Meteorites in New Hampshire

Meteorites are chunks of metallic or stony material that survive their plunge through the Earth’s atmosphere and land on the its surface. Intersecting the Earth’s orbit and surviving a ride through the atmosphere without being vaporized, is a very rare event. While out in space, debris in the solar system is called meteoroids. However, they become meteors when they enter our atmosphere. Meteoroids are generally the size of a grain of sand, and are quickly vaporized by the heat of friction created as they collide with air molecules of the upper atmosphere. We see this vaporization as a “shooting star,” or when several meteors appear seconds or minutes apart we see a “meteor shower.”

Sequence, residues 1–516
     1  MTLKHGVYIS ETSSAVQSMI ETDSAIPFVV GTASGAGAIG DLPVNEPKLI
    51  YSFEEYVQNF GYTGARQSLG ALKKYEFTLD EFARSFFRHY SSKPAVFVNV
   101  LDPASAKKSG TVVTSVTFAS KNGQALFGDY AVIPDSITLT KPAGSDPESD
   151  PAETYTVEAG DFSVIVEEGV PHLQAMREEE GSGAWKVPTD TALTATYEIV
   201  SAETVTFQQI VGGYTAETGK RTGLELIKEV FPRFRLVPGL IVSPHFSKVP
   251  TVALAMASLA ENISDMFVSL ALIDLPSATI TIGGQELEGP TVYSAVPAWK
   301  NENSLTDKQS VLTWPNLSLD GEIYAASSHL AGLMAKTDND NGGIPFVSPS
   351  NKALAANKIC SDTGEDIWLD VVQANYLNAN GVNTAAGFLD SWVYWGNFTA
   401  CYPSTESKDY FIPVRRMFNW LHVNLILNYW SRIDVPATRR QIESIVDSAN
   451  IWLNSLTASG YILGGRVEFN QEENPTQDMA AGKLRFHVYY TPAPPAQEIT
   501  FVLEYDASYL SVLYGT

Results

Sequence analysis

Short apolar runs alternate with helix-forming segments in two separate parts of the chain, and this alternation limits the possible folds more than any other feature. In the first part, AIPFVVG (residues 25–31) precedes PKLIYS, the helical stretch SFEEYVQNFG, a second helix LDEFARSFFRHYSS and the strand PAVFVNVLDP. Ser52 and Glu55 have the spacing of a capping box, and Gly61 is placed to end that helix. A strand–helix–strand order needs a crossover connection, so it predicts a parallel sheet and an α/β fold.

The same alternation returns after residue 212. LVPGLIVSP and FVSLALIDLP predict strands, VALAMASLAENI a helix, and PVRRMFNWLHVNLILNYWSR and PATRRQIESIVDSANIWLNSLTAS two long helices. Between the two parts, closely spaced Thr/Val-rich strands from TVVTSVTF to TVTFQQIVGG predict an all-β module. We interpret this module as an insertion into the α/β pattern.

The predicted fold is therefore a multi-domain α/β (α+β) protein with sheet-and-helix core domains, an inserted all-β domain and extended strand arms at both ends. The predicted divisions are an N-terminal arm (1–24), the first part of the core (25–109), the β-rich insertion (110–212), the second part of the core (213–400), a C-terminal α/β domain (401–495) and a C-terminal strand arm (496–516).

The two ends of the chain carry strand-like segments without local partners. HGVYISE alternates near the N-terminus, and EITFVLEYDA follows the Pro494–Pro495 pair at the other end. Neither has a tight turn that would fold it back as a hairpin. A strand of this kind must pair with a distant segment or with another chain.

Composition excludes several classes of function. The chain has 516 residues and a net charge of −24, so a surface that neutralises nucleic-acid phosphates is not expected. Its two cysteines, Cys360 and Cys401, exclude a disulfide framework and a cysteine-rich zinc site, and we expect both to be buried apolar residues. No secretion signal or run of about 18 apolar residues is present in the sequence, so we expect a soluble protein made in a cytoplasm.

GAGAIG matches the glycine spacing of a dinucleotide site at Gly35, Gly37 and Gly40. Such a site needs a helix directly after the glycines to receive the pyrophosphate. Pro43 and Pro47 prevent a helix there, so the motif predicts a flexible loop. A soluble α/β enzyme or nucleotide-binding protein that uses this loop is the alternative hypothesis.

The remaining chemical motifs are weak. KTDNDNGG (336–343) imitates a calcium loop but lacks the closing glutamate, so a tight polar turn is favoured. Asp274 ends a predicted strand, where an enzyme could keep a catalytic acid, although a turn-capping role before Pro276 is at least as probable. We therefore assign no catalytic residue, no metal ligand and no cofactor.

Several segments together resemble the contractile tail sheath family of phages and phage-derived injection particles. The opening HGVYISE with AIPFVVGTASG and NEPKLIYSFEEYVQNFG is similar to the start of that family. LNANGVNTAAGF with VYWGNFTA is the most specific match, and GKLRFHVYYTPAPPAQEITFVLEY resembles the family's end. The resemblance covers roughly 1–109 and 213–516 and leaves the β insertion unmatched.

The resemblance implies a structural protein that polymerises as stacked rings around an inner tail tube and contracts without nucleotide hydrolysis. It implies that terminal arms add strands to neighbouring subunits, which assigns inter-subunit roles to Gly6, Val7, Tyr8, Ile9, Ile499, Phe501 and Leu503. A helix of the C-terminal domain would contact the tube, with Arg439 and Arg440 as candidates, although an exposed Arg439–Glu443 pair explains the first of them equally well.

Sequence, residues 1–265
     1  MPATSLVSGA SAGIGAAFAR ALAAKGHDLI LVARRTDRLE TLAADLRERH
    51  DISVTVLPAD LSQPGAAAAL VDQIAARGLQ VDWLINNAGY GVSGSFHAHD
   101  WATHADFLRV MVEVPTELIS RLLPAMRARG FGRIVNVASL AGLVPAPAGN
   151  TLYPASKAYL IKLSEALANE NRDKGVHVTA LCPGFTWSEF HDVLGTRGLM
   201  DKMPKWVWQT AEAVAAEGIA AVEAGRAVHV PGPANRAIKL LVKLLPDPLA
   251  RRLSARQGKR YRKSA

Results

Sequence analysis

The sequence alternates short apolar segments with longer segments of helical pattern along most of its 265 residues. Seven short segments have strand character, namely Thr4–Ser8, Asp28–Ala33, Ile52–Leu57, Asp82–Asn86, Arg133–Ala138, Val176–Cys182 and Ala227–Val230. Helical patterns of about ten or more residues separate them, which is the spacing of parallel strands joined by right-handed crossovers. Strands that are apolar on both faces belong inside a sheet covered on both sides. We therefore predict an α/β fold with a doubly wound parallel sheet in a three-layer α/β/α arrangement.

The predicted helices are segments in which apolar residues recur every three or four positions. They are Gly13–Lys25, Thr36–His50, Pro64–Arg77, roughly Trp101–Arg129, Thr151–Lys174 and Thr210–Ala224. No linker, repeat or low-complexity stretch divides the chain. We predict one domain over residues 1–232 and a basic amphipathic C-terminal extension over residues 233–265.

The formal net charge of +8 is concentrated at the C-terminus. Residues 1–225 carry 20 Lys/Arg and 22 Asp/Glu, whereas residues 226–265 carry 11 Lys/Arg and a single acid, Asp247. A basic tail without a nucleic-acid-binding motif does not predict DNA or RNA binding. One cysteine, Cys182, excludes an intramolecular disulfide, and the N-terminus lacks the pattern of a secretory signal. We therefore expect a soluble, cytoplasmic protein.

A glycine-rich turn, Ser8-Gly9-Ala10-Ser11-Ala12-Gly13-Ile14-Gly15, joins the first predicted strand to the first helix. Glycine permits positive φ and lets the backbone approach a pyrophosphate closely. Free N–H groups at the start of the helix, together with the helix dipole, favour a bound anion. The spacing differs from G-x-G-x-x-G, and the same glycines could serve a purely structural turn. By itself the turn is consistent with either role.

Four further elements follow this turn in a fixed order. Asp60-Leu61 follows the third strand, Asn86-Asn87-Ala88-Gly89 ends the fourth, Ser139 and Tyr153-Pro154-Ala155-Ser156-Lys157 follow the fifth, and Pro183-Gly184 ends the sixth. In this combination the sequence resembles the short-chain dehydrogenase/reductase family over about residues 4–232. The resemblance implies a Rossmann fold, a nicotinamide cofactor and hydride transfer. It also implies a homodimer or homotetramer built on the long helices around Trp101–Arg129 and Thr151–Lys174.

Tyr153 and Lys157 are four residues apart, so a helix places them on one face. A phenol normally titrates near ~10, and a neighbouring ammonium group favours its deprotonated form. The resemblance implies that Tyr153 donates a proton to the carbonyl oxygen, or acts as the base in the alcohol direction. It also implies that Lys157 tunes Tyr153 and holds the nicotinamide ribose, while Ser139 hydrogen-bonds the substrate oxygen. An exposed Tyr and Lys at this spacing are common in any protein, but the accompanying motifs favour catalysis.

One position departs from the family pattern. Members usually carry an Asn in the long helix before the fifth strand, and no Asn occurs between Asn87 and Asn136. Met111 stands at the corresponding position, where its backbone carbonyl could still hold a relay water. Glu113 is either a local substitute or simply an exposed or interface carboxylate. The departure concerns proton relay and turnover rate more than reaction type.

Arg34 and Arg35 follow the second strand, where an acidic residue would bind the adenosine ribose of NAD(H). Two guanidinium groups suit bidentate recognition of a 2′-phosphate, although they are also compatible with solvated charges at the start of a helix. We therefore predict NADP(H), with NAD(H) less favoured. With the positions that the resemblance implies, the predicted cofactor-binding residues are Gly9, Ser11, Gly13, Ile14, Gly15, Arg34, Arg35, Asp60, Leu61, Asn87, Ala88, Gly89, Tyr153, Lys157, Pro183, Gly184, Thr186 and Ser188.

Meteorites in Kentucky

Three sites in Kentucky bear the scars of ancient impacts by meteorites. These Kentucky astroblemes represent the highly eroded cores that were situated under the original craters; the crater walls eroded long ago. Each of these structures is characterized by a circular belt of arc-shaped faults crosscut by faults radiating outward from the central core of intensely broken rock.


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